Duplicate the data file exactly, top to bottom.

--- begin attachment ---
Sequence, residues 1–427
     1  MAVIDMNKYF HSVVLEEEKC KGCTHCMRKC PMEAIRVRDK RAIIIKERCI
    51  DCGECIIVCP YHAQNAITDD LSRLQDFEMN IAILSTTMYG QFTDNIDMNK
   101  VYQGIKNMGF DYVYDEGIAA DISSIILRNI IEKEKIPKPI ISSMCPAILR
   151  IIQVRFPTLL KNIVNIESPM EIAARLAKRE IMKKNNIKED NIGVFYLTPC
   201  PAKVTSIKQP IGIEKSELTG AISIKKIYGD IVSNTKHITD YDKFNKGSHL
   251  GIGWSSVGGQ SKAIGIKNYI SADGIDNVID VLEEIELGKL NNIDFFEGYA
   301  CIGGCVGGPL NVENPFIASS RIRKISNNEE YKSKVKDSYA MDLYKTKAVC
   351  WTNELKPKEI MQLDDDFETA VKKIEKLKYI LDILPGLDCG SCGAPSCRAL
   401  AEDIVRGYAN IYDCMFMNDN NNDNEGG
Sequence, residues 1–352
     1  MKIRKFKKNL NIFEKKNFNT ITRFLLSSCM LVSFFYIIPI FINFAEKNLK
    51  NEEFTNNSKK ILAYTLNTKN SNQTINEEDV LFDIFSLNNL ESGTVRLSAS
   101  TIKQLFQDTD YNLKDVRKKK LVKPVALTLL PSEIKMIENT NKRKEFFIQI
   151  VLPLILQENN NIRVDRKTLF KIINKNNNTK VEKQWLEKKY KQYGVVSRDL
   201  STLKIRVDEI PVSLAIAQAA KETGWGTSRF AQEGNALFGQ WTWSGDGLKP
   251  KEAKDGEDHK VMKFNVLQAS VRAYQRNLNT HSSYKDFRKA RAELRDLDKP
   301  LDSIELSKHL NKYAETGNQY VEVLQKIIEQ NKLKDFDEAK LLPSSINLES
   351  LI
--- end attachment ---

Sequence, residues 1–427
     1  MAVIDMNKYF HSVVLEEEKC KGCTHCMRKC PMEAIRVRDK RAIIIKERCI
    51  DCGECIIVCP YHAQNAITDD LSRLQDFEMN IAILSTTMYG QFTDNIDMNK
   101  VYQGIKNMGF DYVYDEGIAA DISSIILRNI IEKEKIPKPI ISSMCPAILR
   151  IIQVRFPTLL KNIVNIESPM EIAARLAKRE IMKKNNIKED NIGVFYLTPC
   201  PAKVTSIKQP IGIEKSELTG AISIKKIYGD IVSNTKHITD YDKFNKGSHL
   251  GIGWSSVGGQ SKAIGIKNYI SADGIDNVID VLEEIELGKL NNIDFFEGYA
   301  CIGGCVGGPL NVENPFIASS RIRKISNNEE YKSKVKDSYA MDLYKTKAVC
   351  WTNELKPKEI MQLDDDFETA VKKIEKLKYI LDILPGLDCG SCGAPSCRAL
   401  AEDIVRGYAN IYDCMFMNDN NNDNEGG
Sequence, residues 1–352
     1  MKIRKFKKNL NIFEKKNFNT ITRFLLSSCM LVSFFYIIPI FINFAEKNLK
    51  NEEFTNNSKK ILAYTLNTKN SNQTINEEDV LFDIFSLNNL ESGTVRLSAS
   101  TIKQLFQDTD YNLKDVRKKK LVKPVALTLL PSEIKMIENT NKRKEFFIQI
   151  VLPLILQENN NIRVDRKTLF KIINKNNNTK VEKQWLEKKY KQYGVVSRDL
   201  STLKIRVDEI PVSLAIAQAA KETGWGTSRF AQEGNALFGQ WTWSGDGLKP
   251  KEAKDGEDHK VMKFNVLQAS VRAYQRNLNT HSSYKDFRKA RAELRDLDKP
   301  LDSIELSKHL NKYAETGNQY VEVLQKIIEQ NKLKDFDEAK LLPSSINLES
   351  LI